Mary Siroky, deputy commissioner for the Alaska Department of Transportation and Public Facilities speaks Wednesday morning during the Alaska Municipal League’s Legislative Conference. (Ben Hohenstatt | Juneau Empire)

Mary Siroky, deputy commissioner for the Alaska Department of Transportation and Public Facilities speaks Wednesday morning during the Alaska Municipal League’s Legislative Conference. (Ben Hohenstatt | Juneau Empire)

‘A perfect storm’: DOT deputy says everything that could go wrong with ferries did

DOT deputy commissioner says aging fleet, reduced budget and more led to ferry problems

Marla Howard’s question was more of a pleading request.

Howard, a Kake resident and city council member, asked Mary Siroky, deputy commissioner for the Alaska Department of Transportation and Public Facilities, to please restore ferry service to the small communities that depend on it.

“That’s all I wanted to say,” Howard said with emotion and nerves in her voice. “Please give us our road back, which is the Alaska Marine Highway. We’re Alaskans also.”

[Locals send food to Southeast communities without ferry service]

Howard said she is fearful of Kake’s future and the future of the school. She said the number of businesses in Kake has dwindled over the years and losing the ferry system makes a bad situation worse.

It was one of a handful of charged questions and statements about the Alaska Marine Highway System directed at Siroky Wednesday morning during a presentation at the Alaska Municipal League’s Legislative Conference held at the Baranof Hotel, Best Western Signature Collection. Siroky was the last of a series of five state department employees to speak in the morning, and she faced by far the most intense questioning.

Another member of the audience from Yakutat asked who could be fired in light of the state of the ferry system.

“Me,” said Siroky, who announced her re-retirement earlier this month. The reply drew some laughs.

Siroky said the department is aware of the importance of the AMHS and working to get more vessels running.

She said reduced ferry service in coastal communities is the result of an aging fleet, a $43 million budget cut and unforeseen mechanical problems. She said retaining employees and working with unions also present challenges to the AMHS.

“We are working as hard as we can to get our vessels operating,” Siroky said. “It is a compilation of perfect storms. Everything that could go wrong did go wrong.”

Kodiak Mayor Pat Branson speaks with Mary Siroky, deputy commissioner for the Alaska Department of Transportation and Public Facilities, after a presentation and question-and-answer session Wednesday morning. (Ben Hohenstatt | Juneau Empire)

Kodiak Mayor Pat Branson speaks with Mary Siroky, deputy commissioner for the Alaska Department of Transportation and Public Facilities, after a presentation and question-and-answer session Wednesday morning. (Ben Hohenstatt | Juneau Empire)

During the presentation, Siroky was asked by Kodiak Mayor Pat Branson when Gov. Mike Dunleavy would make appointments to a nine-person AMHS Work Group. Branson told the Empire Kodiak last received ferry service in mid-January and doesn’t expect it to resume until the end of April.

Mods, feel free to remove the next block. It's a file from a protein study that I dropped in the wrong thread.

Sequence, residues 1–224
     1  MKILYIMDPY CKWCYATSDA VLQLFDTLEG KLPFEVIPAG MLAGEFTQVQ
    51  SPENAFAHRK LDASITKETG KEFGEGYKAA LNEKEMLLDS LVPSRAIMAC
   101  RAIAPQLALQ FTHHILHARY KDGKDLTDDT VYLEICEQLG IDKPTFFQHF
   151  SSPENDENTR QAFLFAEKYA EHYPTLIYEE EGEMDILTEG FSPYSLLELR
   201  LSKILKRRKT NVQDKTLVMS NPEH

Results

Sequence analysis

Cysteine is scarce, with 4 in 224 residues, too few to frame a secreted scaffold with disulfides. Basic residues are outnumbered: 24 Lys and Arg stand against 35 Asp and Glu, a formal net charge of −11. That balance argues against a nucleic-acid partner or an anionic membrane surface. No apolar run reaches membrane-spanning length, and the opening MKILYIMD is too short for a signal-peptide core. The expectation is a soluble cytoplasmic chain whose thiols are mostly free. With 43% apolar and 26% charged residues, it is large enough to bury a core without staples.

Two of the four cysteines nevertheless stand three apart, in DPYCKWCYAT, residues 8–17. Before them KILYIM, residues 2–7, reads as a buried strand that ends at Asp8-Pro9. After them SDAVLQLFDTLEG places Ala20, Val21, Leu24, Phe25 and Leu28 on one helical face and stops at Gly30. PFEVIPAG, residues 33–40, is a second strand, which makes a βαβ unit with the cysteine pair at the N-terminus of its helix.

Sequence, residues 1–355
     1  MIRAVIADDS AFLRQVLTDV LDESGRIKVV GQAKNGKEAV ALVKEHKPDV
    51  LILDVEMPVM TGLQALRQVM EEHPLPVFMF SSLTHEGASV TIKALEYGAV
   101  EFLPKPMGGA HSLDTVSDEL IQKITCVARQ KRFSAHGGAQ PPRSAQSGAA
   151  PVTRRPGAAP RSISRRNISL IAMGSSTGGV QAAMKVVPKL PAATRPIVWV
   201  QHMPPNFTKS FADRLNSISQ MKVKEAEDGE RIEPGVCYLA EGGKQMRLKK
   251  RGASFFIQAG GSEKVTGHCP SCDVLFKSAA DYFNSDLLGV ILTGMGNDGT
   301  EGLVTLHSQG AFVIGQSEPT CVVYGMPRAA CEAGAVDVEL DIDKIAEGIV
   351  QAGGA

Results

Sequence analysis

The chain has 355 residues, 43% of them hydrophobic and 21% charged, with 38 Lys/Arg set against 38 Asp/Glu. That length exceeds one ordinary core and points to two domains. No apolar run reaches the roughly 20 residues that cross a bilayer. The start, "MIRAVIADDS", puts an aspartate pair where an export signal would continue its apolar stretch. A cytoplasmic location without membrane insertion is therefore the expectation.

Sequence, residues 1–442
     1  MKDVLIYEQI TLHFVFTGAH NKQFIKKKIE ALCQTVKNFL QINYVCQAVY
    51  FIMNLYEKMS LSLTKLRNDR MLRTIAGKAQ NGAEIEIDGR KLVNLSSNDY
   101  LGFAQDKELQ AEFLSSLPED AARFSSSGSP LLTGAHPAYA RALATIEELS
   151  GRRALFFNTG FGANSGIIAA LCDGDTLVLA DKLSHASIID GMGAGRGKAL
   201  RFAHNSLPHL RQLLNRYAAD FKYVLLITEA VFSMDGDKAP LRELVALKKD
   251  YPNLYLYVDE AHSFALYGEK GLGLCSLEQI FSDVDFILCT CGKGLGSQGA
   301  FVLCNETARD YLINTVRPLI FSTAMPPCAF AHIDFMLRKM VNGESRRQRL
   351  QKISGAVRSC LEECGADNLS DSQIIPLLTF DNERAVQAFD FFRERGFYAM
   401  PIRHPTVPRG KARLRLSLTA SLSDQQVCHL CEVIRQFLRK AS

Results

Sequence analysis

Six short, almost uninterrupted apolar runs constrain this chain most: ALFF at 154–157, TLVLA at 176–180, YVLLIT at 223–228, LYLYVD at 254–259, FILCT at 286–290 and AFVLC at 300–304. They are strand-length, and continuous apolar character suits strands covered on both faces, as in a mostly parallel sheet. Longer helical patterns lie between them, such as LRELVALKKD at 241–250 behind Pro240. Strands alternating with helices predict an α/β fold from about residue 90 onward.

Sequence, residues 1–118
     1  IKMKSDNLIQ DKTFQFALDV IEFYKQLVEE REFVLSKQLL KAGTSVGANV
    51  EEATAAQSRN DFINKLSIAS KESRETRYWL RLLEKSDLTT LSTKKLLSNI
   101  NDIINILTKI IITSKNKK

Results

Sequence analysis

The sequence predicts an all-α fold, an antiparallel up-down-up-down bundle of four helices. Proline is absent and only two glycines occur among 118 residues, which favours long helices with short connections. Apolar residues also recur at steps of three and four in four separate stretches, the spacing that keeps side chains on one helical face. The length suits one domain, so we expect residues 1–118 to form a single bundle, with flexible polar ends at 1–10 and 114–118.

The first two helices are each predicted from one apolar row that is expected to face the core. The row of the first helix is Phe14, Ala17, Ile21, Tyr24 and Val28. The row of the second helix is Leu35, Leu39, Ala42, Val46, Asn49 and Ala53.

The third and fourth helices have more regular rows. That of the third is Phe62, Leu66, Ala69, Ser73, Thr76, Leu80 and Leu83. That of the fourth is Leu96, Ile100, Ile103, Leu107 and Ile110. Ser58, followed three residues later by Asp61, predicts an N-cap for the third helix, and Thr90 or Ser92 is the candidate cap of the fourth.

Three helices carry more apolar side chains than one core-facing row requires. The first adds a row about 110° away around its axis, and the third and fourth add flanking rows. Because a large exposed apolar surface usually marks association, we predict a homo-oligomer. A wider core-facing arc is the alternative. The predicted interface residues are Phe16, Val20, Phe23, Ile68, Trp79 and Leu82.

Siroky said appointments were expected sometime in the next two weeks.

The appointments were announced in a release from the Office of the Governor near the conclusion of the meeting. Appointed members of the public were Tom Barrett, John Torgerson and Wanetta Ayers; Aviation Advisory Board appointee is Lee Ryan; Roads and Highways Advisory Board Appointee is Tony Johansen; Maritime Transportation Advisory Board appointee is Robert Venables; labor appointee is Ben Goldrich; and legislative appointees are Sen. Bert Stedman, R-Sitka; and Rep. Louise Stutes, R-Kodiak.

Barrett, who retired from the United States Coast Guard, will serve as the Work Group’s Chairperson, according to the Office of the Governor. He most recently retired as president of the Alyeska Pipeline Service Company, and also served as Deputy Secretary of the U.S. Department of Transportation.

After the meeting, Branson was among a pack of AML members who asked Siroky additional questions.

Branson said one of her questions was whether the administration understood the importance of a functioning Alaska Marine Highway System.

“I’m going to ask the governor that when he’s here tomorrow,” Branson said.

[Governor’s chief of staff says getting ferries running is AMHS top priority]

Siroky said in a short interview after the meeting the administration is aware coastal Alaskans are deeply concern with the AMHS.

She said the governor and the DOT&PF are working to balance the cost of providing transportation infrastructure to the entirety of the state.

“The Marine Highway System serves 100,000 people,” Siroky said. “There’s 700,000 in the state.”

• Contact reporter Ben Hohenstatt at (907)523-2243 or bhohenstatt@juneauempire.com. Follow him on Twitter at @BenHohenstatt.

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